Dec 102017

This year, I have posted several articles observing how the vocal few, amplified by online social networks, have an outsized voice in the political discord that swirls all around us. A few thousand like-minded activists are being heard while 350,000,000 others shake our heads in disbelief and sigh, while sipping our beverage of choice, remote control and smartphone in hand.

Simultaneously, I believe the remainder of this decade will be the true dawn of machine learning algorithms. While the concepts are not new, the practical application of machine learning is really hitting its stride, especially at the companies that are cornering many of the brightest minds in computer science, namely Facebook, Google, Microsoft, Amazon, Netflix, and the private unicorns awaiting their IPOs.

Machine learning needs big data sets to “learn” and no companies do a better job at marrying big data with algorithms and computer power than these. Traditional businesses rarely recognize that their most valuable asset to leverage is their data, still mired in thoughts about facilities, machines, and stores. Most of the Fortune 2000 do not run their data as a business, making investments and measuring results of analytical programs.

Here’s the bottom line:

If he decides, Mark Zuckerberg now, in 2017, has the power to decide who will be the next U.S. President.
— Bob Sakalas

I’m not saying that Mark will use his super power, but he has that power. Right now, Facebook’s and Google’s power is clearly driving greater and greater polarization of the public. This power extends to many countries, not just the United States.

Don’t believe me?

Watch this TED presentation by Zeynep Tufekci. It is eye-opening, and common sense tells me she is spot-on. It might just make you rethink your own level of participation on social networks, but that unfortunately will not change destiny for the country.

So what is the bright note for the optimist? Well, I’ve argued that optimists must take prudent risks within the backdrop of capitalism. As an investor, I’m increasing my long exposure to Facebook, Google, and perhaps add a small stake in Tencent. And, on a less serious note, the artificial intelligent Skynet won’t build terminators to exterminate humans, it might only try to control our thinking and ideology in an insidious Matrix-like mirage.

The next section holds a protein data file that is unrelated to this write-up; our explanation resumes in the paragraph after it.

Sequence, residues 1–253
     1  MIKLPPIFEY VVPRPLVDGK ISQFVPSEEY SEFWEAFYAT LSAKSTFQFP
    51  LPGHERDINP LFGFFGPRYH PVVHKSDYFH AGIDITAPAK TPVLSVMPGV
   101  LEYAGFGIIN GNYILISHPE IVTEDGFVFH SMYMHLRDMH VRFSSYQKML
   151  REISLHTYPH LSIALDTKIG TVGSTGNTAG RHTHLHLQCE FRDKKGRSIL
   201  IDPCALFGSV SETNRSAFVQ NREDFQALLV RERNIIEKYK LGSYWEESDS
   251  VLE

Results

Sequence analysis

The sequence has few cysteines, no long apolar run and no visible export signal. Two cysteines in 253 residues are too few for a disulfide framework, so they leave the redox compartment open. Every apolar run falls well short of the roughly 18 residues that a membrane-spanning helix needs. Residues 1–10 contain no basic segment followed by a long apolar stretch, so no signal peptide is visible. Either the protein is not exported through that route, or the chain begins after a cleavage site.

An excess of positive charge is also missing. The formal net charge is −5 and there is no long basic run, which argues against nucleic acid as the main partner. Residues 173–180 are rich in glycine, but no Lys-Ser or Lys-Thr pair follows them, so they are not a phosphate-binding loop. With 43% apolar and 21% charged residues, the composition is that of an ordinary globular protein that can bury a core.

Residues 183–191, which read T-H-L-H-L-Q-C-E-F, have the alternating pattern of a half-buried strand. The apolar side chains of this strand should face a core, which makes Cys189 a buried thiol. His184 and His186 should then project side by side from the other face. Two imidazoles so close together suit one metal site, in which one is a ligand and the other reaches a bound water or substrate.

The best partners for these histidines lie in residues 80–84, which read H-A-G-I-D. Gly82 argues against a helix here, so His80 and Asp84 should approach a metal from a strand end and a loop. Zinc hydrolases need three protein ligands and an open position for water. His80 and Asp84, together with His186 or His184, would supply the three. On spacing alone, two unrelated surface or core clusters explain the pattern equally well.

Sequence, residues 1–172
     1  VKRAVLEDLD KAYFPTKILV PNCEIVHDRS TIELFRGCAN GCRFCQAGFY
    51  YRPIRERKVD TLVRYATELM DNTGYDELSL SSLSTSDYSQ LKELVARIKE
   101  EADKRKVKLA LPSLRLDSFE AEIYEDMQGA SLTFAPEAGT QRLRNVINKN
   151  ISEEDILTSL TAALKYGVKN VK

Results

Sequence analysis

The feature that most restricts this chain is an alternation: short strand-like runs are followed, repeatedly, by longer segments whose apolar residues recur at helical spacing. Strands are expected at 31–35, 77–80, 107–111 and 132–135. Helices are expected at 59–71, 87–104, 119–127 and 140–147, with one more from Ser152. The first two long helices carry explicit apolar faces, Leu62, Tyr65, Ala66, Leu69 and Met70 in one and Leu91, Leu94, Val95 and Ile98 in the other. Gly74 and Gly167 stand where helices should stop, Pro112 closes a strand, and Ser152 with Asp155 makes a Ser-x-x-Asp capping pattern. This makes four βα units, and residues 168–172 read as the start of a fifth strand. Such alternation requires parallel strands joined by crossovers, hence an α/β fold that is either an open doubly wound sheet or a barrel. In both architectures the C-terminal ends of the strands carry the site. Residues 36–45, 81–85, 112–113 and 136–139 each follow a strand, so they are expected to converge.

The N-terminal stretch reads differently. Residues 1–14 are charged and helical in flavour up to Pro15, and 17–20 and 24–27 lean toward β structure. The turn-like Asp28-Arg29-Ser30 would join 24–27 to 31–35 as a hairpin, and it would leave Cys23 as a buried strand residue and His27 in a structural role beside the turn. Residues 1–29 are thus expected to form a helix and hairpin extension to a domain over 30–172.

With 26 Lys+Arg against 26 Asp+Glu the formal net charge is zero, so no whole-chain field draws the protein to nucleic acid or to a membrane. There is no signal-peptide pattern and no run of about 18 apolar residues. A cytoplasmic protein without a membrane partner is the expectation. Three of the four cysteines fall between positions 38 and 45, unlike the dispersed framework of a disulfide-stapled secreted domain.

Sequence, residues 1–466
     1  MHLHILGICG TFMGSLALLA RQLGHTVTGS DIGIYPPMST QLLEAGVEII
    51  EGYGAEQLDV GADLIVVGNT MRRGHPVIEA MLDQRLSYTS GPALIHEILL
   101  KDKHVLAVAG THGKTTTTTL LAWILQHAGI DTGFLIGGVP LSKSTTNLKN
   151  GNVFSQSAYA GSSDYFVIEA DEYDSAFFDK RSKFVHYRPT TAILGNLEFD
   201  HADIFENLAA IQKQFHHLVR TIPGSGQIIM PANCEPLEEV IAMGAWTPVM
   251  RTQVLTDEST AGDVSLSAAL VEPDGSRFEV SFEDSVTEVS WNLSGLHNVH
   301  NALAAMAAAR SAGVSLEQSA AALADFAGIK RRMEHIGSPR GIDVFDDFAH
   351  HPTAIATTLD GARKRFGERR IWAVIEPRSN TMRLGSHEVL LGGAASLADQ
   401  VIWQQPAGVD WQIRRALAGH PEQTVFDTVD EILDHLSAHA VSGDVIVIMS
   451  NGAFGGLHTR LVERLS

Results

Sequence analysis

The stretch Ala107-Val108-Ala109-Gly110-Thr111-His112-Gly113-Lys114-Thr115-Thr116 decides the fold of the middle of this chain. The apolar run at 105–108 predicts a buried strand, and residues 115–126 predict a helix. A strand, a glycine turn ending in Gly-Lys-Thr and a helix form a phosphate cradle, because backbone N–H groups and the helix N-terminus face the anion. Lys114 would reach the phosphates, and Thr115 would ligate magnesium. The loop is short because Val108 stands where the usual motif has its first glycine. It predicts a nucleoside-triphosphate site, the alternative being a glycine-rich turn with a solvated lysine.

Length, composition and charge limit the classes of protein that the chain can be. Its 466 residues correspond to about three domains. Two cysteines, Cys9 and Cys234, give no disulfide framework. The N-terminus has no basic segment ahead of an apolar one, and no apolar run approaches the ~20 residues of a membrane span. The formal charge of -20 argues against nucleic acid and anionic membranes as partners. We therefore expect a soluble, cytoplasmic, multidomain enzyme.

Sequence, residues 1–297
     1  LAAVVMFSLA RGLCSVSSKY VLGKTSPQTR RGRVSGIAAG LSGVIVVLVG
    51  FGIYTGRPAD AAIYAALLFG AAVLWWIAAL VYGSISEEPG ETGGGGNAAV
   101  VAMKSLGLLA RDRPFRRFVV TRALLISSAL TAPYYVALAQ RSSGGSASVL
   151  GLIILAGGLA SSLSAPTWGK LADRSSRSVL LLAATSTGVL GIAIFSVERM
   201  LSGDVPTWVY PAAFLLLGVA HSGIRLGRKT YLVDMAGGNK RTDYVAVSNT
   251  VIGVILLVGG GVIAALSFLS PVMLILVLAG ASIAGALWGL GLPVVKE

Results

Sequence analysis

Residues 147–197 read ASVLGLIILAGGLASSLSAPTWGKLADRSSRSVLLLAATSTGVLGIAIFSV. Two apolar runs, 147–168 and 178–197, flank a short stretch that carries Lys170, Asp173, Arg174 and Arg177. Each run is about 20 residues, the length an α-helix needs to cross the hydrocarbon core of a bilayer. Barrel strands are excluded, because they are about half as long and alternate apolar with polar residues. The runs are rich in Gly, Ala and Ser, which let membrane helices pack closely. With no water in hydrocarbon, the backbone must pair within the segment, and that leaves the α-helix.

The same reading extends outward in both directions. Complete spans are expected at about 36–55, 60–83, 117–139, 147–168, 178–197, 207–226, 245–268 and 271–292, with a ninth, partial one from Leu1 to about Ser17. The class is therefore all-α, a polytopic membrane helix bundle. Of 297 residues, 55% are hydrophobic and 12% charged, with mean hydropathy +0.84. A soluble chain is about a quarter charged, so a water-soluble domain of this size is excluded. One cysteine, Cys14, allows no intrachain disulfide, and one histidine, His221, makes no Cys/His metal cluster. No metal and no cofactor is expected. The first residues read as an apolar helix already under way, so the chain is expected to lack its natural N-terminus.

I.M. OptimismMan

PS. Are you interested in other side-effects of powerful social networks?  Here’s another angle worth understanding.


Dec 042017

Saving just a few dollars every day can make a big difference, if you invest it.  This lesson is lost on many teens, but it is worth talking about. I don’t care how you save it — I’m not trying to pick on Starbucks per se — you can do the same thing by drinking water in restaurants or simply comparing prices of everything you buy on your shopping app — but saving and investing early in your career is crucial, if you want a better financial future.

I created a little spreadsheet to prove my point, downloading the actual returns of the S&P 500 index for the last 40 years, without the added benefits of annual dividends.  This is important because actual returns would be quite a bit better than my model, but I thought it would not hurt to be conservative and realistic.

I then decided to save the cost of one Venti Caramel Cocoa Cluster Frappucino per day — roughly $5.  Almost anyone, if they pay attention, can find ways to save $5 per day, once out of school and working for a living.

The difference between just saving your money vs. saving and investing it, is stunning.

The ‘saver‘ would save $73,000 over 40 years.

The ‘save and invest‘ person, assuming they religiously purchased the S&P 500 ETF over the 40 years, would have $510,000. The majority of this savings kicks between year 30 ($250,000 at that point) and year 40 (over $510,000), due to powerful nature of compounding. In truth this number would be larger due to dividends, but I think my point is simple enough.

  • Graduate school.
  • Get a job (in a career you like, at a company that is growing).
  • Don’t get into debt, other than possibly debt that has opportunity for appreciation (real estate).
  • Be careful to save money and invest it. The more you can invest, the better off you are, especially early on. Investing is a matter of engaging, taking a prudent risk, and building a habit for success.
  • 40 years for now, you are quite likely to have 700% more money than savings alone, and much more compared to someone who doesn’t save, or doesn’t save early on. Compounding takes time to work.
  • Financial success is not brain surgery but it does require a bit of discipline and foresight.

Some might say that saving and investing $5 per day “won’t make me a millionaire.”  Well, saving $7 per day would, on the same little spreadsheet that I know is too conservative. Take a quick look at the average net worth of America in this article. Even worse, CNN Money reports that over half of adult Americans don’t have savings to cover a surprise $1,000 expense and would have to rely on credit cards or family members to bail them out, although I find that statistic a bit hard to believe and question how it was determined. But the bottom line is simple — save and invest $150 or more every month, unfailingly,  starting the day you start full time work, and you will greatly exceed average.

Speaking of averages, this entire model assumes you will only do “average” as in the S&P 500 average by buying the SPY ETF shares. I don’t believe that average is in your destiny, if you question everything.

I.M. OptimismMan

PS. The Caramel Cocoa Cluster Frappucino is over 500 calories — it won’t hurt you to miss that too 🙂